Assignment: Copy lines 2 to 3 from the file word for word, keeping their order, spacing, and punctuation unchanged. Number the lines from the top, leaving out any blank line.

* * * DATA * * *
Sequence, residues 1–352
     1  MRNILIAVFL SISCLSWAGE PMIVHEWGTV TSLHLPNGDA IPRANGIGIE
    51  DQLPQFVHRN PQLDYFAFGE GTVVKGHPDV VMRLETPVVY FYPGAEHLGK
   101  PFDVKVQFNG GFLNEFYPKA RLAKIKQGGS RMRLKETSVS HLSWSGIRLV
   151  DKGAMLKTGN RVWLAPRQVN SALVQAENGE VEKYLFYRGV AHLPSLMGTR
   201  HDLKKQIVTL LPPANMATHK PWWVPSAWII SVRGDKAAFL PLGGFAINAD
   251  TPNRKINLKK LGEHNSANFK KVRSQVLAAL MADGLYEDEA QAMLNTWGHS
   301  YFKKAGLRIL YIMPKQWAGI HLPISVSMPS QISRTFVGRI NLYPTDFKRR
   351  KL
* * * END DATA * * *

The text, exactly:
     1  MRNILIAVFL SISCLSWAGE PMIVHEWGTV TSLHLPNGDA IPRANGIGIE
    51  DQLPQFVHRN PQLDYFAFGE GTVVKGHPDV VMRLETPVVY FYPGAEHLGK